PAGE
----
Picasso and Braque Go to the Movies
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Picasso and Braque Go to the Movies
Produced by Martin Scorsese and Robert Greenhut and directed by Arne Glimcher, PICASSO AND BRAQUE GO TO THE MOVIES is a cinematic tour through the effects of the technological revolution, specifically the invention of aviation, the creation of cinema and their interdependent influence on artists Pablo Picasso and Georges Braque. With narration by Scorsese, and interviews with art scholars and artists including Chuck Close, Julian Schnabel and Eric Fischl, the film looks at the collision between film and art at the turn of the 20th Century and helps us to realize cinema's continuing… More

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Rotten Tomatoes Score: 67%

Critic Reviews from Rotten Tomatoes

"The film asserts much (with timelines and datelines and lots of footage) but fails to completely persuade. As a dissertation, it would have a terrible time defending itself."
‑ Wesley Morris, Boston Globe
"The giveaway comes when one nabob of portraiture -- who is trying to tie Picasso and Braque to an early film about an accordion -- says the influence of the picture was absorbed by the painters "whether or not they saw this film." If you say so."
‑ Kyle Smith, New York Post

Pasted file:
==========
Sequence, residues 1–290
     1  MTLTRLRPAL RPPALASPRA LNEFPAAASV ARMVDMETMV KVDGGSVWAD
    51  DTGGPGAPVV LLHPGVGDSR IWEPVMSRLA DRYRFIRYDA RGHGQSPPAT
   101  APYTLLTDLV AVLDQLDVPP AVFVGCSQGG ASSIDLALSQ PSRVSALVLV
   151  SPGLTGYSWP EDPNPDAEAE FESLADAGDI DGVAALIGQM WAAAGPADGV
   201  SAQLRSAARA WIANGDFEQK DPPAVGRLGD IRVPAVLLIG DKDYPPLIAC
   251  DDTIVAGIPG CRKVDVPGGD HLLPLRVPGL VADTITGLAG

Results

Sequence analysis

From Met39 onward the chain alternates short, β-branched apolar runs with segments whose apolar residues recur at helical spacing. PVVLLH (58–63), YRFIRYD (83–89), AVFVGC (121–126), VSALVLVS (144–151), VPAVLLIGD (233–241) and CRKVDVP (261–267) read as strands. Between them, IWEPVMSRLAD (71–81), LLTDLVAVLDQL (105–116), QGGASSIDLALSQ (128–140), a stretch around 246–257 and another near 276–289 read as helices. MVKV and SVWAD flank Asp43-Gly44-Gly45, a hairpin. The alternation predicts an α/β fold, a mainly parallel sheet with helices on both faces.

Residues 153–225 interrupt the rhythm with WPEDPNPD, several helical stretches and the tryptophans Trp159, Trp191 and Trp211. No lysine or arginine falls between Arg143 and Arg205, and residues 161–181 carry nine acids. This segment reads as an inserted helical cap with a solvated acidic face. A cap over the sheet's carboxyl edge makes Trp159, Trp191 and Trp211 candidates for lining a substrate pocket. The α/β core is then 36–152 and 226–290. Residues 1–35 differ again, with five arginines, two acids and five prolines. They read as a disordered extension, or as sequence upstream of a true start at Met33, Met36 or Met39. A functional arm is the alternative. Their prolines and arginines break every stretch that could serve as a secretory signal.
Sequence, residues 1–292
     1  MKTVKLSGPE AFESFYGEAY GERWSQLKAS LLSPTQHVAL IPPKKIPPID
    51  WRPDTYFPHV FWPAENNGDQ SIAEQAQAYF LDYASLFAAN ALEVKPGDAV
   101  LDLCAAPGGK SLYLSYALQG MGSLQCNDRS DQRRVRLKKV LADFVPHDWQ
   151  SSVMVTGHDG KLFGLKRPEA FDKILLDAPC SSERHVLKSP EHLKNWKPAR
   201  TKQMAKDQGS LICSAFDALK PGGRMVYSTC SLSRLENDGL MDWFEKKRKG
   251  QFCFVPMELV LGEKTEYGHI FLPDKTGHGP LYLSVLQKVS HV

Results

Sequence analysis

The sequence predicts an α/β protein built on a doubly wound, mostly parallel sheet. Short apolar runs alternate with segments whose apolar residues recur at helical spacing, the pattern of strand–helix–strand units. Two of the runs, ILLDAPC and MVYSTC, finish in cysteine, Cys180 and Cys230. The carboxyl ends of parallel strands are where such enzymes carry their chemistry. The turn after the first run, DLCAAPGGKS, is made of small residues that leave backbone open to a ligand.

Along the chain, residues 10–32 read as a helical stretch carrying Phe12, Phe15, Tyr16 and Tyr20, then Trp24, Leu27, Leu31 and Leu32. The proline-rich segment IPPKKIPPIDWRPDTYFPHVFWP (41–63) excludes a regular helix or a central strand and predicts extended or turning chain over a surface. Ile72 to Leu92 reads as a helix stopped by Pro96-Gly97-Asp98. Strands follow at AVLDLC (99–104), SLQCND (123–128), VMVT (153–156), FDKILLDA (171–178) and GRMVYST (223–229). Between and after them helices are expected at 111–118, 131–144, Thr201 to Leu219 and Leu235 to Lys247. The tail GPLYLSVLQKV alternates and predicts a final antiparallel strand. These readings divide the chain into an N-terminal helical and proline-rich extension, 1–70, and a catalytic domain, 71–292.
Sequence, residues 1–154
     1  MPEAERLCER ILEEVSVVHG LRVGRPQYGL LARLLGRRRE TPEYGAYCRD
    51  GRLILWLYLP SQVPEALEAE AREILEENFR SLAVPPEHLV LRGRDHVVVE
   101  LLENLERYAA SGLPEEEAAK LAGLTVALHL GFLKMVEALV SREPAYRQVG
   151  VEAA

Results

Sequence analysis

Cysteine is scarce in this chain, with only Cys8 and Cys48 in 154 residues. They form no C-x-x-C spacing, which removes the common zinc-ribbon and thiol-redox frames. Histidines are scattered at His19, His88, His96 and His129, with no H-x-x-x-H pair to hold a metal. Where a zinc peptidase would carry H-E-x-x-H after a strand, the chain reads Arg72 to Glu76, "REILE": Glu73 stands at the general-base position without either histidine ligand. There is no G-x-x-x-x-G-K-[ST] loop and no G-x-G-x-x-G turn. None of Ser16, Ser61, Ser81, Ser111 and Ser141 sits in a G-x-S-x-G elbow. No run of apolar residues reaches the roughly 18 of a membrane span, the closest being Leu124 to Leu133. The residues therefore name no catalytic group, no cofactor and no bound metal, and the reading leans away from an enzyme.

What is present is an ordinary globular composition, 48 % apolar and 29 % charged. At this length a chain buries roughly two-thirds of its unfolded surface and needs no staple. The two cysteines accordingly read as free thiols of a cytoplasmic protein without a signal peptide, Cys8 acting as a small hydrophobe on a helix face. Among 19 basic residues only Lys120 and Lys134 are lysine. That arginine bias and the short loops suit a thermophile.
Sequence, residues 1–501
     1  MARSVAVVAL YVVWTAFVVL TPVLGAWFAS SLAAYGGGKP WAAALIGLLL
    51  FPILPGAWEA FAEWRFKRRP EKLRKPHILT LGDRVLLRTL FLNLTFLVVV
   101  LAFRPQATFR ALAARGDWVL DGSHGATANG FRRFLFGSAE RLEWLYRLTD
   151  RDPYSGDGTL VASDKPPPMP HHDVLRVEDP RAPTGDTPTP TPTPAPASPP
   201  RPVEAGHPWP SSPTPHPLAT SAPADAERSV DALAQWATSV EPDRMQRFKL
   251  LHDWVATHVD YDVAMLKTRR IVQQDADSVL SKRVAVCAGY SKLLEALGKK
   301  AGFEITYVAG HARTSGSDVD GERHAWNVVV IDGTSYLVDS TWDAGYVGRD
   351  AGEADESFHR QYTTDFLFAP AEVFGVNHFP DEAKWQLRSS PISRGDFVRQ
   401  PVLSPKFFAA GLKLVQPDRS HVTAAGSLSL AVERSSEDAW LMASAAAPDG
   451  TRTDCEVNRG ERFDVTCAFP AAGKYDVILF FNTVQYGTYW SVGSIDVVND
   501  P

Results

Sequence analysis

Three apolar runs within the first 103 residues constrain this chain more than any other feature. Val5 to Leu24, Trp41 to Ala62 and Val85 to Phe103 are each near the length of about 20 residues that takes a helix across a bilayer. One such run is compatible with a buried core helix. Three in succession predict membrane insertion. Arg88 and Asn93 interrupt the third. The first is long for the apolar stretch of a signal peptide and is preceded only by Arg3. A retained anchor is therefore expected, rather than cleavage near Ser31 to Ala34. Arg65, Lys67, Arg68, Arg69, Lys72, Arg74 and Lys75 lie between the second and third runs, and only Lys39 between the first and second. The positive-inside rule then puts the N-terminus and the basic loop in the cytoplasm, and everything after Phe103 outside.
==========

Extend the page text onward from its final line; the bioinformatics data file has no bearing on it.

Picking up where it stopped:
"For those with a scholarly outlook towards film or art it's worth checking out, while others will probably not get much out of it."
‑ Dennis Schwartz, Ozus' World Movie Reviews
"The subject matter is without a doubt intriguing, but a more poetic and emotionally charged approach to the material at hand, beyond that exquisite silent footage, would have enhanced the presentation."
‑ Prairie Miller, NewsBlaze
"One of the strengths of Arne Glimcher's documentary is that it effectively chronicles an era when going to the movies was a novelty."
‑ Ethan Alter, NYC Film Critic
"A marvelous documentary by art gallery legend and sometime filmmaker Arne Glimcher."
‑ Peter Rainer, Christian Science Monitor
"Picasso and Braque's primary merit is its archive-raiding evocation of the period discussed through vintage nitrate images..."
‑ Nick Pinkerton, Village Voice
"There was once a time when the nascent medium of cinema struggled for legitimacy."
‑ Christopher Long, Movie Metropolis
"An informative, well-edited and engaging documentary that needs a more thorough and provocative conclusion."
‑ Avi Offer, NYC Movie Guru
"As a rambling rumination on turn-of-the-century aestheticism with brazen flourishes of apophenia, the documentary is strangely effective, but we're left aching for more specific piece-by-piece analysis."
‑ Joseph Jon Lanthier, Slant Magazine
"Much of the documentary is a jumble of people extemporizing about this and that, but there is no connective overview."
‑ Stephen Holden, New York Times
"It's a 60-minute documentary that feels like days of watching paint dry."
‑ David Fear, Time Out New York
"There's no proof anywhere of this film's key premise -- that cinema was the catalyst for these artists' pre-World War I forays into Cubism."
‑ Gerald Peary, Boston Phoenix
"An intriguing, captivating glimpse into the creative process."
‑ Susan Granger, SSG Syndicate
"The Picasso-Braque connection shows the unembarrassed impulse to study vision and philosophy through art -- not trite, childish, "Lookit!" exploitation."
‑ Armond White, New York Press
More reviews for Picasso and Braque Go to the Movies on Rotten Tomatoes